I posted a few months ago that I was training to run the Falmouth Road Race as part of Boston Children’s Hospital Miles for Miracles Team. I wanted to do something to give back to the Boston running and medical community after the attacks at the finish line of this year’s Boston Marathon. Well, folks, today was race day, and here’s how it went:
My husband (who was running to raise money for Alzheimer’s Association) and I left my in-law’s house at 6.30am for the 45-minute drive to Falmouth. This small Cape Cod community is packed on race day, with 13,500 runners and what seems like at least that many spectators as well. We wanted to have plenty of time to park, find the buses to the start, and stake out a place to wait for the 10am start.
We had two hours to wait in the staging area before race time. I was thankful to have my husband there, and sitting in the shade chatting with him for a few hours was a real treat. As 10am neared, we left our shade and made our ways to the starting corrals where we went our separate ways.
It was in the low 70s at race time, but thankfully the humidity was low. I could have done with more clouds and less sun, to be honest, but this Texan can’t complain about running in August in the 70s!
The weather proved not to be much of a factor, as it paled in comparison to the difficulty of running smoothly in the early miles of the race. For at least the first two miles of the race, we runners were so wedged together that I could do little more than shuffle along with the crowd. I have run major races before (notably Boston Marathon & London Marathon) that are run on crowded, narrow streets, but those races are wide-open compared to the early miles of Falmouth. I tried not to burn too much energy getting frustrated being stuck in the crowd, so I looked for good seams to weave in and out of my fellow runners when possible. I looked up long enough to enjoy the sight of thousands of runners in front of me as I climbed the hill and made the turn at Cape Cod’s famous Nobska Lighthouse. I managed to clock decent splits for Miles 1 & 2 regardless, but I was still off my pace just a touch.
The middle miles of the race are along Surf Dr, the fully-exposed road that traces the shoreline of Vineyard Sound. While beautiful from the windswept front seat of a convertible, the pounding sun made this stretch of the race a challenge. I was grateful for all of the spectators lining the course, especially the guy singing “Dirty Water” with so much enthusiasm and all the people who called out to me “Go Children’s!” because of my bright singlet.
My flagging spirits were lifted just after Mile 5, when someone on the sidelines shouted, “Hey, it’s Frank Shorter!” and I saw the guy running about 5 feet in front of me give a little wave. I’m enough of a running nerd (and a child of a first-generation running boomer) to know Frank Shorter even when I see him from the back. (If you don’t know Frank Shorter, he was a gold-medal-winning US Olympian in ’72 and ’76 and a two-time winner of Falmouth Road Race. He was also the head of the US Anti-Doping movement for a while. He’s truly one of the class acts in all of Sports.) I ran over to him, and I told him I had a poster of him on my wall when I was a kid. He laughed and said, “You’re cute!” We chatted for another minute or so before I continued on my way, feeling inspired by the serendipity that allowed me to meet one of my running heroes.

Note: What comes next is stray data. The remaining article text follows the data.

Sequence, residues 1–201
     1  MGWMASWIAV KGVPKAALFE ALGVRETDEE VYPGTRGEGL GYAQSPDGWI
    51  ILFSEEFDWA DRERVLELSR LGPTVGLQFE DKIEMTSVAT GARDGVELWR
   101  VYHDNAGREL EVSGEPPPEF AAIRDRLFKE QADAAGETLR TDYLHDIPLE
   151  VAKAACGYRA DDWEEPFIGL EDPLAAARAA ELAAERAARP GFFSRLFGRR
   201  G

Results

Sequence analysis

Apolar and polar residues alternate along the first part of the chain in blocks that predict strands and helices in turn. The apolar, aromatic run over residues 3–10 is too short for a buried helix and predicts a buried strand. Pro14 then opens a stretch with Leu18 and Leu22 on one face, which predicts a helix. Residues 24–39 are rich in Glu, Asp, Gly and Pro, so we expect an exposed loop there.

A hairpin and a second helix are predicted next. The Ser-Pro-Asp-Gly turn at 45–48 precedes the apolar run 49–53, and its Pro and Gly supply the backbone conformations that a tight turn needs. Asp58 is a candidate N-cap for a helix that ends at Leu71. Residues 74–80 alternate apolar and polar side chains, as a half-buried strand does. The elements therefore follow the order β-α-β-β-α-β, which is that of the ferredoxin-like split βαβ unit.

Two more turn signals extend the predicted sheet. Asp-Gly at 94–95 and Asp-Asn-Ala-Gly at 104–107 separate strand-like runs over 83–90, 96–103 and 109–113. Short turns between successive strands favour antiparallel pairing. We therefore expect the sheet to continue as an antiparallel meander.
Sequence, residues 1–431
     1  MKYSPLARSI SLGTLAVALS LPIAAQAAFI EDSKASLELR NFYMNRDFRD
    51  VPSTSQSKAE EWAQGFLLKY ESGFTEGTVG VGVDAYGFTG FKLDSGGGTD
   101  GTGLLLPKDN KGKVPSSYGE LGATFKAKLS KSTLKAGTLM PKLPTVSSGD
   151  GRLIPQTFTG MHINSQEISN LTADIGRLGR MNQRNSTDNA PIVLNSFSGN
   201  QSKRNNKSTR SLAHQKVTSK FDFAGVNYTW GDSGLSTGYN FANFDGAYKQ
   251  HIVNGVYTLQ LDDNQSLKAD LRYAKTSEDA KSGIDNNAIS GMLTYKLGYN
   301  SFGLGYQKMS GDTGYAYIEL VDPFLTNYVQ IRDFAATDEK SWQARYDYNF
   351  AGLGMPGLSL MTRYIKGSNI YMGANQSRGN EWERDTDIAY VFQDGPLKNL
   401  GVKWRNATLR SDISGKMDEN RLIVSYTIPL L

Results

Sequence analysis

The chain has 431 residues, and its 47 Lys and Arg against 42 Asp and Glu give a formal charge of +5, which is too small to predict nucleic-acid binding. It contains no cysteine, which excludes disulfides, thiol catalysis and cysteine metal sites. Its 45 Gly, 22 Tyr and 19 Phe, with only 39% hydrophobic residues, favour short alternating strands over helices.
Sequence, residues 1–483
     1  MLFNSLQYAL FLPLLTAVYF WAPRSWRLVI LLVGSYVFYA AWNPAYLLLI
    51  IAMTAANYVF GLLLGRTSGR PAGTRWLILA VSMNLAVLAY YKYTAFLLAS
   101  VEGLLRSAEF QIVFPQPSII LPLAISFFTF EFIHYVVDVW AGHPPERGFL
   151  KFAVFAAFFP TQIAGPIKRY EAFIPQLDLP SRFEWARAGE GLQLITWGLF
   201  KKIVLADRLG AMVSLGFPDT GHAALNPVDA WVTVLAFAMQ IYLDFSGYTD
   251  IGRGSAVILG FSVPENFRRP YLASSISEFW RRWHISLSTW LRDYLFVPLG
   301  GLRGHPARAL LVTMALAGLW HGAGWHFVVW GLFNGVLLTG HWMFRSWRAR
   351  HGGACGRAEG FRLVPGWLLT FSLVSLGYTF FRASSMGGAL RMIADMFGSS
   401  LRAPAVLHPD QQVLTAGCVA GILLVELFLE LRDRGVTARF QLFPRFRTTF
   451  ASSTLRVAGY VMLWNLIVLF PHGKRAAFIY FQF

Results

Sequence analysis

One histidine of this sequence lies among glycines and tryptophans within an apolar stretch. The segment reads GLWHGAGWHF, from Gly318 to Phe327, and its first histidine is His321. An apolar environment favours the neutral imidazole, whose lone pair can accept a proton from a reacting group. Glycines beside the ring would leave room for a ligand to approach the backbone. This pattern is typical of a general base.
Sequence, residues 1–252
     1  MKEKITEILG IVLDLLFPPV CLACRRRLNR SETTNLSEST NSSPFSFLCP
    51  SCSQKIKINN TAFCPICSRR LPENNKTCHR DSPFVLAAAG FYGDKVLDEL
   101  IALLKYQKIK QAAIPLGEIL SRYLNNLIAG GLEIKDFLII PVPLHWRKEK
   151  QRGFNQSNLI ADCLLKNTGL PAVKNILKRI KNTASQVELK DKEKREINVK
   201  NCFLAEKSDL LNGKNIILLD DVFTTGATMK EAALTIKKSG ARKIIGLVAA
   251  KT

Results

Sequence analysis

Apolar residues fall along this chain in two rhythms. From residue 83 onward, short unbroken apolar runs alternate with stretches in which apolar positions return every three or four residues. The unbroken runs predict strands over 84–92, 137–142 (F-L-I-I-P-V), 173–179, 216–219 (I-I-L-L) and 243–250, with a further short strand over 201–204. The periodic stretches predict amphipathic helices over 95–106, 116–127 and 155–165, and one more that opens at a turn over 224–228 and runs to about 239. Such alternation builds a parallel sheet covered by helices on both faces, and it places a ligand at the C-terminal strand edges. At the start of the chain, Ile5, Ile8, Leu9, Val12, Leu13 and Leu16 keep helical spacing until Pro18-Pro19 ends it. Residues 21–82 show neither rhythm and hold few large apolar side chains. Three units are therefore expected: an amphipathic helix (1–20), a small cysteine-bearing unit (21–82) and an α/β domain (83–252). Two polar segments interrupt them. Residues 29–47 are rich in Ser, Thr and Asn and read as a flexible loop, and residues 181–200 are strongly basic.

About 1/2 mile later, I saw a big group of people from Boston Children’s Hospital. They gave me a good shout out and a reminder that the race is so much more than just people out running on an August morning. I’m so proud to have raised $1000 (and counting!) for the research and treatment efforts at our country’s leading pediatric hospital.
I realized at the 6 Mile mark that my split for the previous mile was slow. I knew I was going to have to turn in a fast final mile if I wanted to meet my goal. Inspired by Frank Shorter and on behalf of the kids, families, and physicians of Children’s, I put my head down and started to run.
About 1/2 mile from the finish there is A Hill. I knew about the hill, as it’s given me fits before in my running career– in the 1998 Cape Cod Marathon, this hill is where I realized I wasn’t going to make my Boston-qualifying time. I was determined not to let this hill get me again. I slogged my way up, knowing I was decently close to the finish.
At the crest of the hill I could see it: a giant American flag hanging from a crane. The finish!! (Or so I thought.)
I came down the hill as fast as I could, really working hard. I glanced at my watch to see that I had 45 seconds to finish the race in under an hour. I put my head down and ran.
As I got closer to the flag, I saw that the finish line was actually another 20 yards or so beyond….not much in a 7 (actually 7.1) mile race, but it was enough that my best efforts couldn’t get me there. I finished in 60:06.
A few years ago, I would have felt a great sense of disappointment at missing my goal by such a fine margin. But when I think back on today, I realize that my extra 7 seconds….just 1 measly second per mile….were spent while I was chatting with Frank Shorter.
And this is what I love about running and why I felt so personally affected by the Boston Marathon bombings that I wanted to run Falmouth for the benefit of Children’s: above all else running is a democratic sport. What other sport allows regular people like me to compete in the same event on the same day in the same conditions with Olympians like Frank Shorter? It’s pretty darn cool. Just like democracy.